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Biomedical Optics & Medical Imaging

Microfluidic approach for parallel capture and isolation of single cells

A novel device consisting of electrodes for positive dielectrophoresis, combined with a system of channels and valves, can capture and compartmentalize cells for highly parallel single-cell analysis.
1 September 2010, SPIE Newsroom. DOI: 10.1117/2.1201008.003098

Standard molecular-analysis techniques provide averaged results from ensemble measurements based on large numbers of cells. With increasing evidence of variations among cells within the same population,1,2 it is imperative to develop technologies for analysis at the single-cell level. We can only identify unique cells by understanding the variation inherent to normal cells. Such technologies will have implications for drug development, clinical diagnosis, cancer development, and stem-cell differentiation.

The first step toward developing high-throughput, single-cell analysis methods requires mechanisms to capture and fully isolate large numbers of individual cells. Most approaches employ microfluidic techniques, because microfluidic-device dimensions are of the same order as those of cells, and they can integrate cell capture, destruction (lysis), and detection. A number of recent studies have achieved isolation and analysis of single cells,3–6 but these methods assess only one or a few cells at a time. They have demonstrated the importance of single-cell studies, but do not enable collecting the large amounts of data necessary to generate a proper statistical distribution. Others have demonstrated capturing large numbers of single cells,7–10 but without the capacity to isolate individual cells.

Here, we describe a microfluidic device that is capable of parallel capture and isolation of single cells and in which downstream molecular analyses can be performed in situ. Our device incorporates a series of microfabricated metal electrodes to capture and lyse single cells using electric fields, combined with a network of fluidic channels and valves in polydimethyl siloxane (PDMS) layers to compartmentalize each cell (see Figure 1). Dielectrophoresis (DEP), i.e., manipulation of particles and cells in a nonuniform electric field,11 can be used to capture and trap individual cells with minimal perturbations to the cell.6,8,9 In addition, an electric field can also be used to lyse the cells to release their intracellular components.6,12

PDMS is a commonly used silicone rubber in microfluidic applications.13,14 PDMS channels and valve patterns are easily customizable, fabricated, and integrated with our fabricated electrodes. We employed a mechanism of PDMS valving that was derived from work by Unger and colleagues.15 In brief, valve lines are patterned into a PDMS layer above the fluidic lines, which are patterned in a second PDMS layer. When actuated, the valve lines expand down to close off the channels and form compartments. With proper alignment, each electrode capture region is centered within a given compartment. These compartments provide a small volume (~1nl) in which each cell can be lysed and its intracellular components analyzed in situ.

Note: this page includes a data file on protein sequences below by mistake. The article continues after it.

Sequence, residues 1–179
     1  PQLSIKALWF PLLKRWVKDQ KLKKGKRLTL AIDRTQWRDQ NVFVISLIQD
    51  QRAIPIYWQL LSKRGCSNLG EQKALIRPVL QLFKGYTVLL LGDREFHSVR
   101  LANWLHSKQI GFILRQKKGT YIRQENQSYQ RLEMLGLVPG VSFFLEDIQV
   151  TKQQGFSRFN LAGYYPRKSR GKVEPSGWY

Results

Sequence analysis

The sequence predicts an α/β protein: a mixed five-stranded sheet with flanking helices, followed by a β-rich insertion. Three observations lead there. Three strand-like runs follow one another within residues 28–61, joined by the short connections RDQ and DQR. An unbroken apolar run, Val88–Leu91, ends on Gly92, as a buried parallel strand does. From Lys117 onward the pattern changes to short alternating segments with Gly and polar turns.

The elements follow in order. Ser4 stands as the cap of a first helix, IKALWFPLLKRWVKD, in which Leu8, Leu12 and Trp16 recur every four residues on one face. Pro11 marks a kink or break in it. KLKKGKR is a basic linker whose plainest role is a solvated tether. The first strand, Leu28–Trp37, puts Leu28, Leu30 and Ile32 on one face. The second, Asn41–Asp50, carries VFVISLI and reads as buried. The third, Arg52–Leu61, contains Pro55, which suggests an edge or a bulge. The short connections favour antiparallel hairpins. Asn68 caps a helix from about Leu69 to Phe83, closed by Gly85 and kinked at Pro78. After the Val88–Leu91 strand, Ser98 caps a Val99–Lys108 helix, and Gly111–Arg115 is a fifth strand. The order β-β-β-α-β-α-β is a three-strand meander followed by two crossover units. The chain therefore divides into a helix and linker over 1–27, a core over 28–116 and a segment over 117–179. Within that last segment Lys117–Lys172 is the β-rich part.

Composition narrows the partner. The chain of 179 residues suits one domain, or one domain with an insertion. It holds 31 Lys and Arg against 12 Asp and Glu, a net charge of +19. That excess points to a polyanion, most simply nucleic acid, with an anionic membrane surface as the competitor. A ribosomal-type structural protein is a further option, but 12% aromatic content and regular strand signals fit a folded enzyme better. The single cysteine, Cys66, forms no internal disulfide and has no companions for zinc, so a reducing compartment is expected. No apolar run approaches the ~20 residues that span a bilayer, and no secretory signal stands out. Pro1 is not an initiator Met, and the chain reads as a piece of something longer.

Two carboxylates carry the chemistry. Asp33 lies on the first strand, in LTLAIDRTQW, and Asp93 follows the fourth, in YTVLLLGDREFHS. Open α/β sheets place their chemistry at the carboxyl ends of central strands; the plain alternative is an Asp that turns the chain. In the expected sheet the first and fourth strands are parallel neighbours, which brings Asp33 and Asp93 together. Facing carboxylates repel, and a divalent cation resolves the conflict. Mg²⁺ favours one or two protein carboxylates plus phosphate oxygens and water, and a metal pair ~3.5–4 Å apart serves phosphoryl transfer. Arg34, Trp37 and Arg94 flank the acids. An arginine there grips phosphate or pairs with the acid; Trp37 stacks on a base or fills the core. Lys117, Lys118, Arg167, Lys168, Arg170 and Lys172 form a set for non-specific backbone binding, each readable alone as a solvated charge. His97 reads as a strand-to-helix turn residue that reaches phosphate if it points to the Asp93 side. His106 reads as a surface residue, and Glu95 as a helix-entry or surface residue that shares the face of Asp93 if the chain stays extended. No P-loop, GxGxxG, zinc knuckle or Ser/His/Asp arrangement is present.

Figure 1. Microfluidic device for capture and isolation of single cells, showing the polydimethyl siloxane (PDMS) valve and channel layers on top of the microfabricated electrode substrate.

We have shown that we can capture, compartmentalize, and lyse individual Jurkat cells. We captured cells by DEP at 10MHz and a peak-to-peak voltage of 10Vpp using an AC sine function (see Figure 2). We formed compartments by actuating the valves using a pressure of 10–15psi (pounds per square inch) and subsequently lysed the cells within the compartments by increasing the voltage to 20Vpp and reducing the frequency to 10kHz.

Figure 2. Capture and lysis of a single Jurkat cell. (1) Bright-field image of a single cell captured by an AC field at 10MHz and peak-to-peak voltage 10Vpp. (2) Bright-field image of a cell after lysis with an AC field at 1kHz and 20Vpp. A bubble is seen that is caused by hydrolysis. (3) Fluorescent image of the same cell as in (1). (4) Fluorescent image of the cell undergoing lysis at 10kHz and 20Vpp. (5) Fluorescent image of the same cell as in (2).

In summary, we have developed a device capable of trapping, isolating, and lysing single cells in parallel. The cells are captured by DEP, compartmentalized by a series of PDMS valves, and lysed by applying an electric field. In our future work, we will further improve cell-capture and lysis efficiency and decrease the compartment size. We are also interested in incorporating techniques for on-chip molecular analysis of intracellular components, for example, protein analysis using antibody arrays prefabricated on-chip.

Xiaohua Huang, Kristopher Barbee
University of California at San Diego
La Jolla, CA
Alexander Hsiao
Department of Bioengineering
University of California at San Diego
La Jolla, CA